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The Daily Dirt

Testing Our Well Water

By Chris Edwards, Mayflor Farms

This blog post was made possible through a grant provided to Global Growers by the U.S. Department of Agriculture, National Institute of Food and Agriculture.

 

While the water rules surrounding the FSMA Produce Safety Rule continue to swirl and change as the FDA attempts to make them less murky, we continue to test our well water at Mayflor Farms.  We test not only because it will soon be required but also to make sure we are providing the best for our customers with clean water. Thankfully, working with Extension makes this an easy test to take.

 

On our farm, we test our 250 ft. deep well for bacteria and metals. We use our well for irrigation, and inside our farm house we use city water. If you are only using city water, you can go on your municipality’s website and download their publicly available water report. Other farms may test surface water like lakes, ponds, or rivers.  According to the University of Georgia (UGA), “Ponds and streams should be sub-sampled at various depths and positions across the body of water. Sub-samples should then be combined to create one sample.” Thankfully, working with Extension makes water testing easy.

 

First, find your extension office through the UGA website or give them a call at 1-800-ASK-UGA1. Once you know where your office is, you can swing by and request a water test kit for free.  Your agent will be able to explain to you how to properly take the test.  

Once you’ve arrived back at your farm with your water test, there a few steps you should take to ensure a good sample. As always when thinking about food safety on the farm, you should wash your hands! Then, follow these sampling tips and instructions below courtesy of UGA for testing your irrigation water total coliform and escherichia coli in crop protection and irrigation water.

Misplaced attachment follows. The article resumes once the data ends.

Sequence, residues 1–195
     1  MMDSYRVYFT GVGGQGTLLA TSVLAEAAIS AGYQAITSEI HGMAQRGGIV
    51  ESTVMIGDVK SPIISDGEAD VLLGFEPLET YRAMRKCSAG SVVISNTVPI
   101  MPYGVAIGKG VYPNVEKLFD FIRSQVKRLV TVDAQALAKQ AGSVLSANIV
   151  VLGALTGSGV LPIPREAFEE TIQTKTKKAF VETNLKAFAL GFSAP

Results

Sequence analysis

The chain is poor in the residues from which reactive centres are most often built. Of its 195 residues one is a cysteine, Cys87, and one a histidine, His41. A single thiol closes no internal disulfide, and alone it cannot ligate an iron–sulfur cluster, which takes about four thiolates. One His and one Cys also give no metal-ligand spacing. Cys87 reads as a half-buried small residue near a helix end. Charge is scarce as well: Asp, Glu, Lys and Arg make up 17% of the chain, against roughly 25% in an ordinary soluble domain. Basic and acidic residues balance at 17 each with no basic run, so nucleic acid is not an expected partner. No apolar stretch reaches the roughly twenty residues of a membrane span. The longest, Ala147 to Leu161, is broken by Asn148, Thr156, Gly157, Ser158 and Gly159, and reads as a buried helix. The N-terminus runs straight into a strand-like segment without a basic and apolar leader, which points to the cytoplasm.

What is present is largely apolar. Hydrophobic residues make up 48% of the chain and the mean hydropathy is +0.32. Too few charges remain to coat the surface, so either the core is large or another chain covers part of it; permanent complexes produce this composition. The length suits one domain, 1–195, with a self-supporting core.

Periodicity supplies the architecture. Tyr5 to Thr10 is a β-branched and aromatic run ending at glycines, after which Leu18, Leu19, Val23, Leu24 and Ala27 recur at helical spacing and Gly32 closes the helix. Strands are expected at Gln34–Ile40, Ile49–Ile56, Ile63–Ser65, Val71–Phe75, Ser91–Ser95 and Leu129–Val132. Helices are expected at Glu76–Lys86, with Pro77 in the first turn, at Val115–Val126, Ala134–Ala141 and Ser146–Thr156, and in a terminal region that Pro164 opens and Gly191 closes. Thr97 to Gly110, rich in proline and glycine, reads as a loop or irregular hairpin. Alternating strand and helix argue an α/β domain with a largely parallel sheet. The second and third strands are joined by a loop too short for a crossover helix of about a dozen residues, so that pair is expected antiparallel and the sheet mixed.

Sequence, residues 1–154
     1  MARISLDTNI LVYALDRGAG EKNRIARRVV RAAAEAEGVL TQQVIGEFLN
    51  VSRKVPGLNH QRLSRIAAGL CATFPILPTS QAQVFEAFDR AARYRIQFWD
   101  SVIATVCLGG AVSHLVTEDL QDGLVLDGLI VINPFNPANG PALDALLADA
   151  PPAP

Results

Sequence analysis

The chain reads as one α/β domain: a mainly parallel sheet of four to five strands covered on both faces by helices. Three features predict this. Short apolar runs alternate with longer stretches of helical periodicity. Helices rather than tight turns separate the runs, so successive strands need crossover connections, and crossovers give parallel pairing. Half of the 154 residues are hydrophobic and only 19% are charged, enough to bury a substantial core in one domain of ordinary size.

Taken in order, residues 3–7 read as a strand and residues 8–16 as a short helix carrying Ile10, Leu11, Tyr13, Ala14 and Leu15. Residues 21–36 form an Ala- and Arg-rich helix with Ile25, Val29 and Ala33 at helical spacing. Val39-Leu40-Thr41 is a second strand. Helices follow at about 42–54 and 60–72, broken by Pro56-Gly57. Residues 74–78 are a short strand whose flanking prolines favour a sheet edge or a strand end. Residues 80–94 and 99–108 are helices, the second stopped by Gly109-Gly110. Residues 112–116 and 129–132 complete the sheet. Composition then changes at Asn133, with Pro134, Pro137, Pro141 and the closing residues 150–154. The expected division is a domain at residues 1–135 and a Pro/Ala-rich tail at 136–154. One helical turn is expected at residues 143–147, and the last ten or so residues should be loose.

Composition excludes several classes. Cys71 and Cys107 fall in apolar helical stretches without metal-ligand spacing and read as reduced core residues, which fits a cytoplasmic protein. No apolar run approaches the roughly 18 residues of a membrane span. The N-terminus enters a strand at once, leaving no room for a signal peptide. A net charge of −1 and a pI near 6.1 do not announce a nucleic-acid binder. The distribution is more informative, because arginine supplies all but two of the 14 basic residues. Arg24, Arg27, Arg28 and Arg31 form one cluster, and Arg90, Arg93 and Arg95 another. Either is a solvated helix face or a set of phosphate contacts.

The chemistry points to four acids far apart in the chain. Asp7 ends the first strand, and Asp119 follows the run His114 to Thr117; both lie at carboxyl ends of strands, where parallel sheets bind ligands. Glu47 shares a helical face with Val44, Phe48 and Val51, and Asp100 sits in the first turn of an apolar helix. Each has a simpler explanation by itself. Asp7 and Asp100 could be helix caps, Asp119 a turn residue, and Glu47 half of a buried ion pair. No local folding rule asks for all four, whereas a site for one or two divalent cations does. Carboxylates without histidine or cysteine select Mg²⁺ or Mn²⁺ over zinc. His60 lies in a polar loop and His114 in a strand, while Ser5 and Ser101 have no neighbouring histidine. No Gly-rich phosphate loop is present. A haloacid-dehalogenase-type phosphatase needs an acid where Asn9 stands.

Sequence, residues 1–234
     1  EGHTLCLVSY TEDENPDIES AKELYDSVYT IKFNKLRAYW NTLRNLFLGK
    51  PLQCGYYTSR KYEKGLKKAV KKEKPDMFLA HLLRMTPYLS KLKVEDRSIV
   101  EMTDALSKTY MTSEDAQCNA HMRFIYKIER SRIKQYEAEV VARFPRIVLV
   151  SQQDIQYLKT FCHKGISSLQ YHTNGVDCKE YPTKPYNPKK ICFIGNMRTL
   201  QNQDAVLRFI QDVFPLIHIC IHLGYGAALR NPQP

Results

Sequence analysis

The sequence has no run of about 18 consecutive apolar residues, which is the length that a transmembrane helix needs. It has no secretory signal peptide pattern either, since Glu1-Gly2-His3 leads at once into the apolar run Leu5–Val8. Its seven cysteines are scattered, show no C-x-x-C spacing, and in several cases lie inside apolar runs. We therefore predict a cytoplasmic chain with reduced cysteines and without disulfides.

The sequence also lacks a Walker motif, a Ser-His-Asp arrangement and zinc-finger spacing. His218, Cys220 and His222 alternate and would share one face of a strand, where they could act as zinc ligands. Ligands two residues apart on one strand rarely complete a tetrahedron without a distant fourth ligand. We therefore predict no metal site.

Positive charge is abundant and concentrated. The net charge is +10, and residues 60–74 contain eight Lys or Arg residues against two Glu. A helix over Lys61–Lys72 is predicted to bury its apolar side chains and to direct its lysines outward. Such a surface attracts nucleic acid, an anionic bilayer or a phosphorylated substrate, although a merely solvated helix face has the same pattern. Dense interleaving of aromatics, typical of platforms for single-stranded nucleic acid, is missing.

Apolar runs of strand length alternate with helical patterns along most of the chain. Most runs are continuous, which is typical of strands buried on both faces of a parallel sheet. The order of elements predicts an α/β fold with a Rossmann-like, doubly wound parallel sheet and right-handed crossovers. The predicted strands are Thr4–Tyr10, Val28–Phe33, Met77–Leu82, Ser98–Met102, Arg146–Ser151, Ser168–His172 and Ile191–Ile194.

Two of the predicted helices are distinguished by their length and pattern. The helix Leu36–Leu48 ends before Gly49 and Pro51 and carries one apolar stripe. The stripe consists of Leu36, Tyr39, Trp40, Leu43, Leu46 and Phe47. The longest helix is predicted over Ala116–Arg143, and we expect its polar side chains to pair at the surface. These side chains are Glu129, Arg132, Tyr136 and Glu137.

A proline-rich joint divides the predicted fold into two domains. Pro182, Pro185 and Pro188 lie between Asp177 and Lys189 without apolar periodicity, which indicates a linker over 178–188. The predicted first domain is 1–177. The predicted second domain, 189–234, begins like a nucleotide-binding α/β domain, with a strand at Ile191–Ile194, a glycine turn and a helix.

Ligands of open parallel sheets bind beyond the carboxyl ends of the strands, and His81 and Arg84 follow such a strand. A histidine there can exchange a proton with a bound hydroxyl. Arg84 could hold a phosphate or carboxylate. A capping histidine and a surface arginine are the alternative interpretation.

1. Samples are accepted for analysis on Monday through Thursday from 8 a.m. to 4 p.m. If you need a next day shipping label from us, please add an extra $10 to the actual fee of $36 required for the laboratory test.  NO SAMPLES ARE ACCEPTED ON FRIDAYS. Please make checks out to UGA-FEW Lab.  Payment is due upon receipt of sample unless prior arrangements are made.
  2. Samples must be accepted for analysis within 24 hours of the collection time.  Therefore, collect and ship samples on the same day.  If using overnight shipping, please collect and send samples on Monday through Wednesday only.
  3. Provide the information requested on the opposite side of the form. (Form available at extension office)
  4. Select the appropriate sampling area needed to obtain a representative sample of the crop protection or irrigation water.  For either irrigation or crop protection water from either a well or surface source, collect the sample at the point of use, just prior to application in the case of irrigation or in the case of crop protection water, just prior to filling the spray tank.  If you need help selecting a sampling location, contact your county extension agent or GAP auditor.
  5. Fill the bottle completely, leaving only a small air space.
  6. The white substance in the bottle is a dechlorinating agent.  Please do not rinse the bottle.
  7. Place sample in the same box, seal sample box, affix UPS shipping label and call UPS at 1-800-742-5877 to determine your local pick-up/drop off place and time for “Next Day Air” packages.  Or hand deliver to the Ag Services Lab, 2300 College Station Rd, Athens.”

 

Some agents will let you bring the sample to their office and they’ll mail it off for you. Remember, bacterial samples have a time sensitivity to them and must be mailed within 24 hours so the labs can actually identify the bacteria.

 

Conducting a water test may seem scary, but it’s an easy task that gives you and your customers the confidence that you are providing safe produce. If you have more questions about food safety on the farm, reach out to Farmer Services Director, Michael Wall, at michael@georgiaorganics.org.

 

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